Government Shutdown Leaves St. Louis King Ceremony Out In The Cold | St. Louis Public Radio

Government Shutdown Leaves St. Louis King Ceremony Out In The Cold

Jan 21, 2019

The partial government shutdown blocked the 2019 Martin Luther King Jr. Day ceremony from the Old Courthouse in St. Louis. Nevertheless, about 50 people joined civic leaders and elected officials on and around the steps for short speeches and prayers.

Mayor Lyda Krewson and Board of Aldermen President Lewis Reed were among those who attended the improvised festivities in 15-degree temperatures before moving off to Leonard Missionary Baptist Church on North Compton for an interfaith service. Organizers remarked that driving to the church would not be frowned upon considering the weather, although it appeared most people opted to walk.

St. Louis resident Carrie Scott wouldn’t have missed the ceremony for the world.

“You know, I didn’t even think about it when I got up this morning. So I was going to come regardless,” she said. “I come out every year, as you can tell from my buttons. I’m out here to march and keep it going.” 

Carrie Scott of St. Louis attends the ceremony and takes part in the march every year.
Credit Holly Edgell / St. Louis Public Radio

In an interview, the Rev. Darryl Gray, known for his decades of civil rights activism, drew a parallel between the civil rights struggle and being unable to get into the Old Courthouse.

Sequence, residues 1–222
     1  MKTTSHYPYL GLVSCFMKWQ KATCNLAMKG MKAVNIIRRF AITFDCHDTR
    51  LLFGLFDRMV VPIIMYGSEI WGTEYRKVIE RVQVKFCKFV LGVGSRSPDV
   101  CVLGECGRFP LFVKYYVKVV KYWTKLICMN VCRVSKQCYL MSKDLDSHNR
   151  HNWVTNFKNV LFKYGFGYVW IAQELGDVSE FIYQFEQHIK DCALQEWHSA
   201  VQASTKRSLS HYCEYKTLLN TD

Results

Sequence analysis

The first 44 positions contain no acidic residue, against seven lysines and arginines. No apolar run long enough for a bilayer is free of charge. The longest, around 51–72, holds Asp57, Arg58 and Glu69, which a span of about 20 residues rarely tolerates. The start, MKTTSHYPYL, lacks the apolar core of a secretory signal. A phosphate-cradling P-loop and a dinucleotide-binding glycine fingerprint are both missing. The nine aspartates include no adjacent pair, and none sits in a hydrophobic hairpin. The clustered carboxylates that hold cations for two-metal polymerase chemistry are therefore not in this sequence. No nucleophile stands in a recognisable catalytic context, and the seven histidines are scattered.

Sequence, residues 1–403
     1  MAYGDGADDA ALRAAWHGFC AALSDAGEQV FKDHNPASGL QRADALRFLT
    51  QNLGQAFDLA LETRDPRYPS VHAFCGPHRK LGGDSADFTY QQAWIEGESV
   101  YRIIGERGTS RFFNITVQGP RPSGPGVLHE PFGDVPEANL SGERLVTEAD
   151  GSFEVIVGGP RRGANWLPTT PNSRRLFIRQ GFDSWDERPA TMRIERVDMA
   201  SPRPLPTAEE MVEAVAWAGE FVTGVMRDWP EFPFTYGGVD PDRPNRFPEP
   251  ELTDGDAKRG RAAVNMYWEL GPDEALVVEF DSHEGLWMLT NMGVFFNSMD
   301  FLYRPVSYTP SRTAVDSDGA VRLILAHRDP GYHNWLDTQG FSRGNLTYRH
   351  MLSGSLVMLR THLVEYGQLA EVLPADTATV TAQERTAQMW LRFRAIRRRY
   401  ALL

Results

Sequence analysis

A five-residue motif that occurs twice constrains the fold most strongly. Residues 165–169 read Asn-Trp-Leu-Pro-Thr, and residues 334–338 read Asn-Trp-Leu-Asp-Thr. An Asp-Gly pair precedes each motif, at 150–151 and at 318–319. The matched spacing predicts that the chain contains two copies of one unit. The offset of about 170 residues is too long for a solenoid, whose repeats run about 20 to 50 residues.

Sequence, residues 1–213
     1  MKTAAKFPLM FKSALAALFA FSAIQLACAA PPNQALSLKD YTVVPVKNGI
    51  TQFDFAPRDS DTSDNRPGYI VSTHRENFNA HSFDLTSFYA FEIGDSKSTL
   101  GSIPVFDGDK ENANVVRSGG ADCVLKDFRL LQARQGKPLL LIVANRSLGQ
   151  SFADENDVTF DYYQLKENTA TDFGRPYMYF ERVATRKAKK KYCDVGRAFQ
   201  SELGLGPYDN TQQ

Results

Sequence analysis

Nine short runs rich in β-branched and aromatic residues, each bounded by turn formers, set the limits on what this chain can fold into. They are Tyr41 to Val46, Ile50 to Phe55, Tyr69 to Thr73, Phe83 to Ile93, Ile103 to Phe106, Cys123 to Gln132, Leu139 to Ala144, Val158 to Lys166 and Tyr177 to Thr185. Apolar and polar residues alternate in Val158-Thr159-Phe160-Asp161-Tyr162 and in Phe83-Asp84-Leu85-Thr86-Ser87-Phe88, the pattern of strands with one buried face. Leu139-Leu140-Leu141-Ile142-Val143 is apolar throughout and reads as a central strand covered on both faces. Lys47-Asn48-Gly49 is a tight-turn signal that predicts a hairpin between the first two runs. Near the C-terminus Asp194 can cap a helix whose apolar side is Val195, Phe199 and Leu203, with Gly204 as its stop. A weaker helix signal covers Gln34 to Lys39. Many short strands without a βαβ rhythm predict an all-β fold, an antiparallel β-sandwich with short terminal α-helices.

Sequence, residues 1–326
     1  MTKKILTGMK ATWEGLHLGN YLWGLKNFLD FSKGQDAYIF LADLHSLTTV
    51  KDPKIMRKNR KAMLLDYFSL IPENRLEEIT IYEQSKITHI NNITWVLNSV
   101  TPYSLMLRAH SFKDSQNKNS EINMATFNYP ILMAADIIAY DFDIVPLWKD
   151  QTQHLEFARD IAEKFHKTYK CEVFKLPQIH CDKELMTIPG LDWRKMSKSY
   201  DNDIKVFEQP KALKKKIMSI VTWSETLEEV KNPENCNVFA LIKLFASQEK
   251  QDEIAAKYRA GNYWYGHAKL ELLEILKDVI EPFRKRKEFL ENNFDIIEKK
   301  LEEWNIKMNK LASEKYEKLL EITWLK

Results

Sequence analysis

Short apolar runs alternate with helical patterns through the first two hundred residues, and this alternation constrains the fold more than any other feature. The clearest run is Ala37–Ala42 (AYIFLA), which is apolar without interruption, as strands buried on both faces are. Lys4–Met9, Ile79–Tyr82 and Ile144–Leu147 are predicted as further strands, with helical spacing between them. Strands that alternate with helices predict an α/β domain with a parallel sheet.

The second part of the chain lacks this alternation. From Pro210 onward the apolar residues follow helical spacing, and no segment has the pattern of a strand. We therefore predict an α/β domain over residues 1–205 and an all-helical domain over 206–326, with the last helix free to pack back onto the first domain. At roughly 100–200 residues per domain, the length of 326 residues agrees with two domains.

“We’re here anyway,” Gray said. “Dr. King was shut out of many places. Dr. King marched because we were shut out of many places. Many places we couldn’t go because of the color of our skin.”

The government shutdown is about one month old. Some 800,000 federal workers have been furloughed or are working without pay. Government employees in the St. Louis region work for a number of agencies and departments including the Transportation Security Administration, the U.S. Department of Agriculture, and the IRS.

According to the U.S. Office of Personnel Management, people of color make up about 36 percent of the federal civilian workforce.

Father Ed Mundwiller saw echoes of racial disparity in one of his favorite King quotations.

“Saying that he would see the promised land, although he didn’t know if he’d get there with us,” said Mundwiller. “I know there still a lot of people not in the promised land. A lot of people in the United States.”

After abbreviated remarks on the steps of the Old Courthouse, marchers took their places on Market Street.
Credit Holly Edgell / St. Louis Public Radio

Continuing a family tradition, Blake Harris of St. Louis brought his 4-year-old son to the march.

“When (our son) was still in my wife’s stomach, we went to the Selma March for the 50th anniversary,” Harris said. “We do stuff like that.”

Holly Edgell is lead editor for Sharing America, a collaborative covering the intersection of race, identity and culture. This new initiative, funded by the Corporation for Public Broadcasting, includes reporters in Hartford, St. Louis, Kansas City, and Portland, Oregon. Follow Holly on Twitter @hollyedgell.